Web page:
Have you the humility to submit to something greater than yourself? There are young people to whom this question would be bewildering. They have been reared in homes and schools where their own opinions on any and all subjects, from the age of two or three, were given rapt hearing and awestruck acceptance. They have been taught that all opinions are of equal value, that the most slapdash sally into the writing of Japanese poetry or the use of finger paints is to be taken seriously and even, heaven forgive us, to be called “creative.” They are unacquainted with any demands for form, logic, or accuracy. Such demands have been felt by parents and teachers to be chilling to young ardent minds—let them somehow grow, learn, “develop,” all by themselves. Their views are, bless their hearts, “original,” and originality, even in spelling, seems to be always commendable.

It is generally thought that when children are allowed to speak out freely on any and all matters they are being encouraged to think. I suspect that the very opposite is true. To encourage the utterance of opinion without reference to any fundamental knowledge of the subject is actually to discourage thought. It is to prejudice the student against thinking altogether. His feelings, his ability to parrot others, and his most superficial reactions “off the top of his head” supplant the intellectual exertion of obtaining and processing data.

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Before going on to college it is well to take stock of all this and acknowledge that there is a long road to travel before one’s opinions are worth much, and that the informed opinions of others who have traveled that road are likely to be not only worth much more but infinitely more interesting. Submit. Give in to them. Be quiet long enough to hear them. There may be some glories up that stony road that will dazzle you.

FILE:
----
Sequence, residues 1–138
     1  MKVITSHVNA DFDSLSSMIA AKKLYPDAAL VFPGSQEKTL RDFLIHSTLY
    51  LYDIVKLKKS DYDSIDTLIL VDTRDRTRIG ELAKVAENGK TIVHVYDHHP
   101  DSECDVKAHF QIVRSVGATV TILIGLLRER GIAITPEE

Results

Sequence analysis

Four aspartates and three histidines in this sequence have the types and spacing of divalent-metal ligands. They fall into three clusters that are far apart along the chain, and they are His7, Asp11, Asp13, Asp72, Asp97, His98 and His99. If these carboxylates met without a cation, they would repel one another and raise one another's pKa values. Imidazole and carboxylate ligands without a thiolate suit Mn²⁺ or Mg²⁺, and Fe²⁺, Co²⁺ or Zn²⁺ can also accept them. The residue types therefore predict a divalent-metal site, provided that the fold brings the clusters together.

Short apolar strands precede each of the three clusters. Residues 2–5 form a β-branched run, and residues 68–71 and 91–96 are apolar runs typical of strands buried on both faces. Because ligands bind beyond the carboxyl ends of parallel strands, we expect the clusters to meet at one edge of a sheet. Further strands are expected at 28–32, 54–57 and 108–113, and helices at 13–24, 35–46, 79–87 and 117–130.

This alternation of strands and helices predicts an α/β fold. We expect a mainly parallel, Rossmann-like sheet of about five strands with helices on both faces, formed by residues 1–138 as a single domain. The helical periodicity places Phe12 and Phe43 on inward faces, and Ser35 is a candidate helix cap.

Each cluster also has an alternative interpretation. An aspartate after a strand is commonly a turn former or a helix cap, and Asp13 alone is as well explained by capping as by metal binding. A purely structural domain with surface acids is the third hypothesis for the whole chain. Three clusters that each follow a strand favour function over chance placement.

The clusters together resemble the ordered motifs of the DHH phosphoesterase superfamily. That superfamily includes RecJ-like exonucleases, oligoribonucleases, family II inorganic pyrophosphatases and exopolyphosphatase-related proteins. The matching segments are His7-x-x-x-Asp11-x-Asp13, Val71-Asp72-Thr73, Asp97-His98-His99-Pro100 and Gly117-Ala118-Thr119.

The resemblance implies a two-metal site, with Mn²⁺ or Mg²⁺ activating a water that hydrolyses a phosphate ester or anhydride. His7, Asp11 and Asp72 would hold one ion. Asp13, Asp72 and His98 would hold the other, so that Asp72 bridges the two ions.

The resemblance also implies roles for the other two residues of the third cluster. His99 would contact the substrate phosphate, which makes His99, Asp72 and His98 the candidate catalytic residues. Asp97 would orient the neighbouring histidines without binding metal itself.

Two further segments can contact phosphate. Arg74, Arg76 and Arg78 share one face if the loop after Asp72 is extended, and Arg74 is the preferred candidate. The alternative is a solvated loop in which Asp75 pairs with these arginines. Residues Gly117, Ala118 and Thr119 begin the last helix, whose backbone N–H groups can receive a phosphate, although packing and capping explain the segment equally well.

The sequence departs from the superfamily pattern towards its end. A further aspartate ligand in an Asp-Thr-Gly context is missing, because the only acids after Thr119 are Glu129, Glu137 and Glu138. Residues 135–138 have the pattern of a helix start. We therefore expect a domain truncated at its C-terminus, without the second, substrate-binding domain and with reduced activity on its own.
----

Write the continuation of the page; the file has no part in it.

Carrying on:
If the student has ascertained that he has the aptitude, the money, and the earnest desire to get a college education, the next crucial question is which college he will choose. Surely it is better to have no degree at all than to have a mere degree attained at the cost of the student’s soul—i.e., his sense of direction, his values, his goals.

There are, I think, approximately two thousand colleges to choose from. Some of these are nominally, and some distinctively, “Christian.” To choose one college out of two thousand is, of course, to eliminate one thousand nine hundred and ninety-nine others, each of which might have offered something particularly desirable. But the student has to settle on one and accept the limitations of that one and, I hope, stay there. So it is a choice that ought to be made with extreme care.

There is much to be said for attending Christian colleges, and there are strong arguments for attending secular universities. It is not my purpose here to persuade either way. But the choice must be made with the understanding that a liberal arts education, as opposed to vocational training, ought to lay the foundation for an intelligent view of the world and life, a Weltanschauung. The climate of the school—the physical surroundings of classroom, dormitory, and common rooms, the people with whom one lives and studies—is of immense importance in the shaping of this view. Whether the campus is serene and quiet, with beautiful elms and ivied halls, or whether it is unidentifiable as a campus in the midst of a concrete jungle has its effect on the person. Whether there is order or chaos—in classrooms, in dining halls, in the appearance and dress of students and faculty, in the way bedrooms are maintained, in library behavior—cannot help but affect the formation of the Weltanschauung.

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A liberal education ought to lead toward civilization, not toward barbarity. Civilization is “a natural agreement not to burden one another with our excessive humanity,” or, as G. K. Chesterton put it, it is the full authority of the human spirit over all externals. The general look and climate of some institutions of higher learning would make one question whether there was to be found there any full authority over anything, and I have on occasions been greatly burdened—oppressed, in fact—by the excessive humanity of loose-jointed “youth.”